In S.F. v. Alabama ex rel T.M.,
695 So. 2d 1186 (Ala. Civ. App. 1996) a thirty-seven-year-old man was
found to be liable in paternity, notwithstanding that the court accepted
his testimony that he has no memory of having sex with the plaintiff
after he had been drinking for several hours, and his brother had put
him to bed.
In San Luis Obispo Co. v. Nathaniel J.,
50 Cal. App. 4th 842 (Cal. App. 2d Dist. 1996), a fifteen-year-old boy
who had been seduced by a thirty-four-year-old woman was legally liable
to support the child resulting from his sexual relations with the
mother, notwithstanding that the boy was the adjudicated victim of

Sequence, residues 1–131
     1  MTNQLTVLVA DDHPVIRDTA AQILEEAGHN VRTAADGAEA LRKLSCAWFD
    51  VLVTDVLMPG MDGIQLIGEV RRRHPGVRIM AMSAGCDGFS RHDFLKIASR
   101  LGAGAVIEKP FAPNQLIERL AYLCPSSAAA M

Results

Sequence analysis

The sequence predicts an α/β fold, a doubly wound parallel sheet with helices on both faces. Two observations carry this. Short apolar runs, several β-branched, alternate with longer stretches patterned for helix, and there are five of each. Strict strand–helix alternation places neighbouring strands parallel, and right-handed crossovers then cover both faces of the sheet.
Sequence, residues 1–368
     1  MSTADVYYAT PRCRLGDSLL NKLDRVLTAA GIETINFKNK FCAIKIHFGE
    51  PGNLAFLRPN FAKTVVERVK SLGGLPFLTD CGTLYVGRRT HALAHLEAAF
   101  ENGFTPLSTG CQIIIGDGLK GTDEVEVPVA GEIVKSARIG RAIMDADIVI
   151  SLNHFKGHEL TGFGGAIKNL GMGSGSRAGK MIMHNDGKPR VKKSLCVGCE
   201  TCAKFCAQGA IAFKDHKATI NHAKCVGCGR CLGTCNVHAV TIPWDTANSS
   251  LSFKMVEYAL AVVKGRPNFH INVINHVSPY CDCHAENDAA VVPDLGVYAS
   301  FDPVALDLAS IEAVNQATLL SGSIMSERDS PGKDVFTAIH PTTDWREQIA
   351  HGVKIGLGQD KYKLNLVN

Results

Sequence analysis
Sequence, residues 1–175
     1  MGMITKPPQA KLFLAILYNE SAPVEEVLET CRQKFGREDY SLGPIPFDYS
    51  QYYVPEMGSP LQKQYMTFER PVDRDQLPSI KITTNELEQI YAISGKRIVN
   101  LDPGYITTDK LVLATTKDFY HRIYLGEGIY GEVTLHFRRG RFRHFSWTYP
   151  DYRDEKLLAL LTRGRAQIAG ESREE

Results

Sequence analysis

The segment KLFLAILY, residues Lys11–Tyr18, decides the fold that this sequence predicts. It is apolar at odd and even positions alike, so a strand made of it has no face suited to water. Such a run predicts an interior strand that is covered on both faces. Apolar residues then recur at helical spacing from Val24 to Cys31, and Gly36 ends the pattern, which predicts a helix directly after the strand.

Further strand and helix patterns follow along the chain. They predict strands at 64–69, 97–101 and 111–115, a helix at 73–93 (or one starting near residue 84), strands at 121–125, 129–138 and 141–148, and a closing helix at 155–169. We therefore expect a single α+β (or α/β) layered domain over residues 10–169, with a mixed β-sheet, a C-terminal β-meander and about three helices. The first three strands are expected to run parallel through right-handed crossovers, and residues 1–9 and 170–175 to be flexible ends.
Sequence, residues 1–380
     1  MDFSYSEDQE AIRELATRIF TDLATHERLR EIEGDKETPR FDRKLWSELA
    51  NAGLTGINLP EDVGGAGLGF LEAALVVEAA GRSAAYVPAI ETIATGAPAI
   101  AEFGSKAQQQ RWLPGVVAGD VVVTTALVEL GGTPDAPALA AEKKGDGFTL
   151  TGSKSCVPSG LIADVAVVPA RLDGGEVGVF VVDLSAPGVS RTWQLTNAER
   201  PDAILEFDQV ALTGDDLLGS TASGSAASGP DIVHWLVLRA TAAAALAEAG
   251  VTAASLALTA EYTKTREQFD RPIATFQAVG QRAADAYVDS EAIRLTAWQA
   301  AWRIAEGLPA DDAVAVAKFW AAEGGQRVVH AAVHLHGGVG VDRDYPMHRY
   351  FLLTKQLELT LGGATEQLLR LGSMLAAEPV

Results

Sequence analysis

unlawful sexual intercourse with a minor. A similar result was reached
in In re Paternity of K.B., 104 P.3d 1132, 1133 (Okla. Civ. App. 2004).
The most surprising case of paternal liability, however, is State of Louisiana v. Frisard,
694 So. 2d 1032 (La. App. 5th Cir. 1997). In this case the father
testified (and the court accepted) that he never had vaginal intercourse
with the plaintiff. Instead the woman inseminated herself from sperm
that she had retained after she performed sex acts on the defendant.
The court found the man liable for child support.”